It is encouraging to see that there are people working in that area, but at the same time it strikes me as sad that people would need research to figure out that happier, healthier, more educated, more relaxed people work a hell of a lot better, and are sufficiently more efficient than tired, bored, stressful people that work so much they have no time to stop and think about what they're doing.
In the past few years a fair number of european countries have drastically reduced the maximal weekly work hours, and often accompanied that with measures to make parental leave easier, and more equitable (eg fathers are entitled to it as well).
Most of the criticism that was to be heard was that it would "wreck the economy". The sheer stupidity of such a statement shows once more that the strongest proponents of capitalism are those that least understand it. It should come accross as obvious to any production-orientated mind that the better your production-force -- in this case the employees -- the better your profit.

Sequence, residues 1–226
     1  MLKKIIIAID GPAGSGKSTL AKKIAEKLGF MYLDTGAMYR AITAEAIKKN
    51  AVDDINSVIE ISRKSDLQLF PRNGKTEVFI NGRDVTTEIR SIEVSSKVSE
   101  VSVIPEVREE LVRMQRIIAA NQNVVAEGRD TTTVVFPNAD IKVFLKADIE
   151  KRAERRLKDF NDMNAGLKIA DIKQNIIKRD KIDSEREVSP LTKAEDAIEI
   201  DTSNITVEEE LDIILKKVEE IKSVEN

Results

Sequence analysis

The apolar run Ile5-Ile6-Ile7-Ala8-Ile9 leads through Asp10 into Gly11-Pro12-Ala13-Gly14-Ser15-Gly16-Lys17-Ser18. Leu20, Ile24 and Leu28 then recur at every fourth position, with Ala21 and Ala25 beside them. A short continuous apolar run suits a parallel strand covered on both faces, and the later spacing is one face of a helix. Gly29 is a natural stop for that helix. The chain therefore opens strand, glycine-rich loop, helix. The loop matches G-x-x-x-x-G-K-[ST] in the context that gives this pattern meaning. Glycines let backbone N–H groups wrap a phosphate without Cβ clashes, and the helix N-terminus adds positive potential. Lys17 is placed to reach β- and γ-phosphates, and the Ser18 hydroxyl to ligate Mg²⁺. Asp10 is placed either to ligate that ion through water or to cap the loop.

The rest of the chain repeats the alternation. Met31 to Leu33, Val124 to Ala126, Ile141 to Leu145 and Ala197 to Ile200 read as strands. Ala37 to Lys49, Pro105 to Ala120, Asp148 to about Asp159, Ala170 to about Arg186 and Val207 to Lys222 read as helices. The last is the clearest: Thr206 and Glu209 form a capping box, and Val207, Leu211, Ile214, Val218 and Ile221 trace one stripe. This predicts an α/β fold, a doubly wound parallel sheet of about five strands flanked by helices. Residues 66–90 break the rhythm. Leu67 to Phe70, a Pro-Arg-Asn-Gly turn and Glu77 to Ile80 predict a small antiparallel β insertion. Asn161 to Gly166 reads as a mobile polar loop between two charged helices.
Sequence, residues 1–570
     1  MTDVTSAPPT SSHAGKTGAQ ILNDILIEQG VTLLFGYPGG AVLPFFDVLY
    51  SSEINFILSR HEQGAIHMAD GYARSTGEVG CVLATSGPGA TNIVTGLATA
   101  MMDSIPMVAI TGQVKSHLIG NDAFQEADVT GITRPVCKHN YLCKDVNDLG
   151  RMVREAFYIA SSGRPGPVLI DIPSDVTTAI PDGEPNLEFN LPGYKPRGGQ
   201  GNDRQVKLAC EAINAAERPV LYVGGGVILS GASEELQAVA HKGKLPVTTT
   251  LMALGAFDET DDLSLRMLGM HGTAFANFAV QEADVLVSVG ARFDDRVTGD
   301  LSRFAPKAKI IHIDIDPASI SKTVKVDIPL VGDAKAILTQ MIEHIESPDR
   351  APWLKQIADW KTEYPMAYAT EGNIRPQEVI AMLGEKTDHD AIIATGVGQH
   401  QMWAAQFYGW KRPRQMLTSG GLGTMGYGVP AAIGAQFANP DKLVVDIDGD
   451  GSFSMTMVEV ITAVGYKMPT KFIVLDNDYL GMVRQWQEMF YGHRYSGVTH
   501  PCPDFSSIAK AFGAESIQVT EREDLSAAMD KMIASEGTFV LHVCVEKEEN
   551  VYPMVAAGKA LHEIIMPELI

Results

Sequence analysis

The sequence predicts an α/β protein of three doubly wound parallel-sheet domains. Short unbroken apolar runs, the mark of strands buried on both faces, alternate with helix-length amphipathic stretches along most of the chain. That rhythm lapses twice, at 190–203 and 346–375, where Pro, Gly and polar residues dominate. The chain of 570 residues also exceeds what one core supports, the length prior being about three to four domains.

And not without some irony, the very same people will claim that such enforcements are against democracy, which leaves one wondering where ignorance is to be found in such supplies as to foster such levels of stupidity.
All good political systems function on the premises that tbe "best" should rule, and vary on the way in which the "best" is/are selected. Democracy (to make a long argument short) works on the premise that a multitude, or at least some form of majority amongst a multitude, will be best qualified to elect a team of "best people".
How one can argue that a multitude of uneducated, sick, tired people that don't have the time to look beyond the wall of their cubicles will be qualified to elect the best is beyond me. A democracy is quite obviously as good as the education, health of its citizens, and as lively as the time they have to stop and ponder what's best.
Extremist work breeds the same people as extremist idleness: vegetable-brained morons with far more potential for good than they use.